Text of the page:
A reference book for the millenium, this compilation offers more than 600 pages of facts about the space programs in the US, Russian and other parts of the world. The change in world politics and the development of a truly international space station has brought former rival space programs together. This revised edition brings much of the know data about the intrepid space explorers together profiling astronauts from all major programs. The first section is a list of acronyms, abbreviations and their definitions. An essential guide since the text like the programs if full of acronyms. The first section of the book is devoted to NASA which includes the background of the space program, all of the astronaut groups followed by biographies of all of the astronauts. Black and white photographs appear throughout. The same approach is used for the Russian cosmonauts and the international astronauts in subsequent sections. The appendices are not to be overlooked; they contain a chronology of manned space flights (the launch date, crews, call sign, landing data, duration and other remarks), a list of space travelers, time in space, EVA data and more, also there is an extensive index. Within the text there are fascinating tidbits such as full color reproductions of the NASA mission crew patches, personally written pieces by the astronauts about the launch process, the view of earth from space and the like. This revised edition contains 80 new entries from the previous and all entries have been updated. A resource for reports as well as anyone interested in the factual data related to the manned missions into space.
Children's Literature - Marilyn Courtot
To coincide with the inauguration of the International Space Station program, this third edition of Cassutts biographical reference contains 80 new entries and also updates the biographies of every U.S. astronaut, Russian cosmonaut, and international astronaut who has flown or trained for space missions. Additionally, several sidebars provide astronauts firsthand accounts of training for and actually flying space missions. As valuable as the biographical updates are (e.g., several Apollo astronauts, including two of the 12 moon walkers, have died since the first edition in 1987), several appendixes enhance the utility of this reference even more with data on all manned spaceflights up to 1998, time in space logged by every space traveler, a detailed listing of the planned Space Station assembly sequence, and a full-color insert depicting NASA mission crew patches dating back to the Gemini program. Although a bit pricey, this update is recommended for subject collections.Thomas J. Frieling, Bainbridge Coll., GA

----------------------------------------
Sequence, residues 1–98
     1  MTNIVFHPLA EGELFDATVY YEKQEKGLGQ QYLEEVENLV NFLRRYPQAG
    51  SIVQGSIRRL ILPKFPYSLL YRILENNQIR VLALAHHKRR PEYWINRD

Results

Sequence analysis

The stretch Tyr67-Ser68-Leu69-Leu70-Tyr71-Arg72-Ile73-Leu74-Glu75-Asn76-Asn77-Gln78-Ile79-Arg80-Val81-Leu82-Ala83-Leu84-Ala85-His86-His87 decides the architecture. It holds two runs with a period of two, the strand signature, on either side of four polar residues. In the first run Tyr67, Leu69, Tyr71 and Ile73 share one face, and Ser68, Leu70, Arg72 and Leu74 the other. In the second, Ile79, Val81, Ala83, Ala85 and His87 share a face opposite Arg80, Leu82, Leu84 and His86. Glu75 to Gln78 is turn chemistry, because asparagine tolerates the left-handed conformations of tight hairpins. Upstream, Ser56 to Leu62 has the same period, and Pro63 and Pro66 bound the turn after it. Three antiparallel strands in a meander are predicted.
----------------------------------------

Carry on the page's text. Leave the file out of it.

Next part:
Gr 5 Up-Though Cassutt claims that he's not offering a complete history of manned spaceflight, he certainly tells the human story. Half again the length of the previous edition (Macmillan, 1993), this revision contains not only updated, several-hundred to several-thousand-word biographies of the 380 astronauts and cosmonauts who have actually gone into space, but also the lives of hundreds more who came close (e.g., the X-15 pilots), or who are in line for upcoming flights. Moreover, the biographies are sandwiched between personal narratives, such as a selection of Jerry Linenger's 1997 "Letters to My Son from Mir," plus detailed chapters on astronaut training, the international and private astronaut programs, and other topics, plus 10 appendixes that include charts of every spaceflight and crew to mid-1998. Black-and-white portraits appear throughout, along with a full-color section of "NASA Mission Crew Patches." Comprehensive, international in scope, and refreshingly frank in its presentation of careers and events, this unique resource belongs in every reference collection and contains more than enough new material to supersede the older edition.-John Peters, New York Public Library Copyright 1999 Cahners Business Information.